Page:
Experts can still sign this letter, please send an email to Zika.Games@uottawa.ca with your title (dr., prof, etc), department and institutions.

zikapic


Open Letter to Dr. Margaret Chan, Director-General, WHO

(Copied to the International Olympic Committee)

We are writing to express our concern about the upcoming Olympic and Paralympic Games in Rio de Janeiro. WHO’s declaration of Zika as a “Public Health Emergency of International Concern,” coupled with new scientific findings that underscore the seriousness of that problem, call for the Rio 2016 Games to be postponed and/or moved to another location—but not cancelled—in the name of public health.1

We make this call despite the widespread fatalism that the Rio 2016 Games are inevitable or “too big to fail”. History teaches this is wrong: the 1916, 1940, and 1944 Olympic Games were not just postponed or moved, but cancelled. Other sporting events were moved because of disease, as Major League Baseball did for Zika, and the Africa Cup of Nations did for Ebola. FIFA moved the 2003 Women’s World Cup from China to the USA because of the SARS epidemic, based on the advice from university-based experts, as many of us are.

Currently, many athletes, delegations, and journalists are struggling with the decision of whether to participate in the Rio 2016 Games. We agree with the U.S. Centers for Disease Control recommendation that workers should “Consider delaying travel to areas with active Zika virus transmission”.2 If that advice were followed uniformly, no athlete would have to choose between risking disease and participating in a competition that many have trained for their whole lives.

But our greater concern is for global health. The Brazilian strain of Zika virus harms health in ways that science has not observed before. An unnecessary risk is posed when 500,000 foreign tourists from all countries attend the Games, potentially acquire that strain, and return home to places where it can become endemic. Should that happen to poor, as-yet unaffected places (e.g., most of South Asia and Africa) the suffering can be great. It is unethical to run the risk, just for Games that could proceed anyway, if postponed and/or moved.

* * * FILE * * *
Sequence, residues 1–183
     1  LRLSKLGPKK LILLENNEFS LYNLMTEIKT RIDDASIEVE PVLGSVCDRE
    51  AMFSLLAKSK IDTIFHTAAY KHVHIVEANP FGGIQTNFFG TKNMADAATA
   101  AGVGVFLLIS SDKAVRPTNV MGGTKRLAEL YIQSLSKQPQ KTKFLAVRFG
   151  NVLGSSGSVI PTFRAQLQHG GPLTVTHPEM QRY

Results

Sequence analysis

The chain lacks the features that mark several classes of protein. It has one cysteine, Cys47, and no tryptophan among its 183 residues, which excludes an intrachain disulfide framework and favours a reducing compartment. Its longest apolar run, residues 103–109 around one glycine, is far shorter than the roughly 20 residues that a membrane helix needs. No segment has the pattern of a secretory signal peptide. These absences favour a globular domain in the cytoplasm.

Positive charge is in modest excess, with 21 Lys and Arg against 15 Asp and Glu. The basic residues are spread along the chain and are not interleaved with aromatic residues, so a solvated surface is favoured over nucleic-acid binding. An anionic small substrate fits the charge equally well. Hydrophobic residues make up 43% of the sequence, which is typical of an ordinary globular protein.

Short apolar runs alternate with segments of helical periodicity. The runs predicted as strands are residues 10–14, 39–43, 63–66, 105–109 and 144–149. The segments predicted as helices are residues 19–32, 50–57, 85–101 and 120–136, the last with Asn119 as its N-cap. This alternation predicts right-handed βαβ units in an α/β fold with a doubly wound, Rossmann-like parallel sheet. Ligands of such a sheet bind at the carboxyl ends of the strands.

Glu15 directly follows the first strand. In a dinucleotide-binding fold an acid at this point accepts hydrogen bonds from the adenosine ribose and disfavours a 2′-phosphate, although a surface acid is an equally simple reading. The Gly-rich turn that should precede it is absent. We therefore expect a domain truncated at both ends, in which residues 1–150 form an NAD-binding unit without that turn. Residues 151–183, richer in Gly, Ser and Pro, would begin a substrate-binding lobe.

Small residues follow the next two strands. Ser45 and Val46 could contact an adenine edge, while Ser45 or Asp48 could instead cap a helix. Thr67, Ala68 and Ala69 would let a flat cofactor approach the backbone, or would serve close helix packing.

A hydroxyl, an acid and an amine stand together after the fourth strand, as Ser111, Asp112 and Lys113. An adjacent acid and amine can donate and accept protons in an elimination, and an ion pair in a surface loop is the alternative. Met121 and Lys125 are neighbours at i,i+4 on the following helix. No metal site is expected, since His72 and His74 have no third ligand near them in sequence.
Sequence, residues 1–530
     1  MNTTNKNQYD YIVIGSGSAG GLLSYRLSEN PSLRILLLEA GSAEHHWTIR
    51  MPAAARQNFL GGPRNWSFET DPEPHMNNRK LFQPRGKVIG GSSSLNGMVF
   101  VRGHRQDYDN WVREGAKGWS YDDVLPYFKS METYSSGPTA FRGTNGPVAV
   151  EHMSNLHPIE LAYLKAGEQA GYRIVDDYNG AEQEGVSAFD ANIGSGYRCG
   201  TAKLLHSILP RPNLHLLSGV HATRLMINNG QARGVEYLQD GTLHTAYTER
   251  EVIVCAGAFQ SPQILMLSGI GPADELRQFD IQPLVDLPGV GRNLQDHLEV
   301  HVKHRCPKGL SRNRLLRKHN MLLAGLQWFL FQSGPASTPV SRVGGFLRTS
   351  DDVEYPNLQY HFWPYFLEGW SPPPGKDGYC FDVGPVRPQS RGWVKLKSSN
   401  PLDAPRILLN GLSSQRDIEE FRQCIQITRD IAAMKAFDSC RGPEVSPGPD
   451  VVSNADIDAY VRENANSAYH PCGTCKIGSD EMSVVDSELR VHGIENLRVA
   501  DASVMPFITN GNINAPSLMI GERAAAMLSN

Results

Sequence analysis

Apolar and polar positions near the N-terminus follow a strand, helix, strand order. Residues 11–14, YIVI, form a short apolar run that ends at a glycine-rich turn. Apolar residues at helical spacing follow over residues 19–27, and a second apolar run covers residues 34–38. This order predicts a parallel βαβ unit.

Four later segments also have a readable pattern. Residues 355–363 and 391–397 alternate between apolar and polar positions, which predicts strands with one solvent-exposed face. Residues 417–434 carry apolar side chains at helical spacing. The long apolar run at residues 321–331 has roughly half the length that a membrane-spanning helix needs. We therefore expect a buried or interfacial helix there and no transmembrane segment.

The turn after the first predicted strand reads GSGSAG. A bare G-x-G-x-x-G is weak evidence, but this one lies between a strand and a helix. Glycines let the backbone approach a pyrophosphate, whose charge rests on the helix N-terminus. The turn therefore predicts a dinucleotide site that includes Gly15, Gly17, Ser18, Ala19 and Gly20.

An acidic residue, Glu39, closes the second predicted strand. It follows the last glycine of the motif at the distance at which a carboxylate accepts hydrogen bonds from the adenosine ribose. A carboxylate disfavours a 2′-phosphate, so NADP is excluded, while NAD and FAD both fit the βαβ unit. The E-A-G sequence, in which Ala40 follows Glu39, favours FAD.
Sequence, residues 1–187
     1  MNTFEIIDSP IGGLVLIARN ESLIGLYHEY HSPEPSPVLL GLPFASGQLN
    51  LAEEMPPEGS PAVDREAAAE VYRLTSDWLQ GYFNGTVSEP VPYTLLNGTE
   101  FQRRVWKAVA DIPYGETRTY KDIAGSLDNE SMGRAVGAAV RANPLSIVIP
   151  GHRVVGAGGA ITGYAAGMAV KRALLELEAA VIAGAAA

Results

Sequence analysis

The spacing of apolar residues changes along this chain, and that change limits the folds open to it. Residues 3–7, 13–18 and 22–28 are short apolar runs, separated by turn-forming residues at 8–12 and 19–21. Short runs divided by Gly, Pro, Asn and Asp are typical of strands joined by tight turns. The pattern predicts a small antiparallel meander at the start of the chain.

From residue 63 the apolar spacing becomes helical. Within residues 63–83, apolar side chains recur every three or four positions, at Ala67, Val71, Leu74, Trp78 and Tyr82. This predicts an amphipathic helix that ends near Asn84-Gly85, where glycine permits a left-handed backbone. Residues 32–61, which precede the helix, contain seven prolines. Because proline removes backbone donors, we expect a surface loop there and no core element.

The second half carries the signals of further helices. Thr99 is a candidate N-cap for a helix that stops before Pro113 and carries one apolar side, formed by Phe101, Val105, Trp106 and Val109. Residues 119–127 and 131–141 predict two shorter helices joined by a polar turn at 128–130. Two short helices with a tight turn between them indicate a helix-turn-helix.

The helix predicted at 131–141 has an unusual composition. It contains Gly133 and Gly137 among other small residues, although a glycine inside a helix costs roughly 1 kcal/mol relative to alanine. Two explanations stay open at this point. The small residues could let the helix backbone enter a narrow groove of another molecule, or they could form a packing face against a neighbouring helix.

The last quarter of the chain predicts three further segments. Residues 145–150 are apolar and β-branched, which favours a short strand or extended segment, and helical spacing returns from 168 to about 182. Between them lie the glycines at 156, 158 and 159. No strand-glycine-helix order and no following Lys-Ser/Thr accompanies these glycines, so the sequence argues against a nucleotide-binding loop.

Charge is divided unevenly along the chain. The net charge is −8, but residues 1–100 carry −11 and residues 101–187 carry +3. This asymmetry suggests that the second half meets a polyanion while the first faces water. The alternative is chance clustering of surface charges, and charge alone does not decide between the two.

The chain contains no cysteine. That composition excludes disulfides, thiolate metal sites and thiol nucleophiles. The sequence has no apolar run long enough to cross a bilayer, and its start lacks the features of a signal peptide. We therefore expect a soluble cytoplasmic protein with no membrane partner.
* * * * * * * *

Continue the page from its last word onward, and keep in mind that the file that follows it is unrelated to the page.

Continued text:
In our view, several new scientific findings require WHO to reconsider its advice on the 2016 Olympic and Paralympic Games. For example:

1. That the Brazilian viral strain causes microcephaly3 and probably Guillain-Barré syndrome4. Further, because human5, animal6 and in vitro studies7 demonstrate that the virus is neurotrophic and causes cell death, it is biologically plausible that there are other as yet undiscovered neurological injuries, as exist for similar viruses (e.g. dengue).8

2. That while Zika’s risk to any single individual is low, the risk to a population is undeniably high. Currently, Brazil’s government reports 120,000 probable Zika cases,9 and 1,300 confirmed cases of microcephaly (with another 3,300 under investigation)10, which is above the historical level of microcephaly.11

3. That Rio de Janeiro is highly affected by Zika. Brazil’s government reports Rio de Janeiro state has the second-highest number of probable Zika cases in the country (32,000) and the fourth-highest incidence rate (195 per 100,000), demonstrating active transmission.8

4. That despite Rio’s new mosquito-killing program, the transmission of mosquito-borne disease has gone up rather than down. While Zika is a new epidemic and lacks historical data, using dengue fever as a proxy, cases in Rio from January thru April 2016 are up 320% and 1150% over the same periods in 2015 and 2014, respectively.12 In the specific neighborhood of the Olympic Park (Barra da Tijuca) there have been more dengue cases in just the first quarter of 2016 than in all of 2015.11

5. That Rio’s health system is so severely weakened as to make a last-minute push against Zika impossible. Recently Rio’s state government declared a health sector emergency,13 and Rio’s city government cut funding against mosquito-borne disease by 20%.14 While the virus is the infectious agent of Zika, its real cause is Rio’s poor social conditions and sanitation—factors that lack a quick fix, and that are not helped when shrinking health resources are diverted to the Games.

6. That it is possible to eradicate the Aedes aegypti mosquito, which transmits Zika, from Rio. Actually that mosquito was totally eradicated from Brazil in the 1950s, but came back after control efforts lapsed.15 Thus holding the Games, in the presence of Zika-carrying mosquitoes, is a choice and not necessary.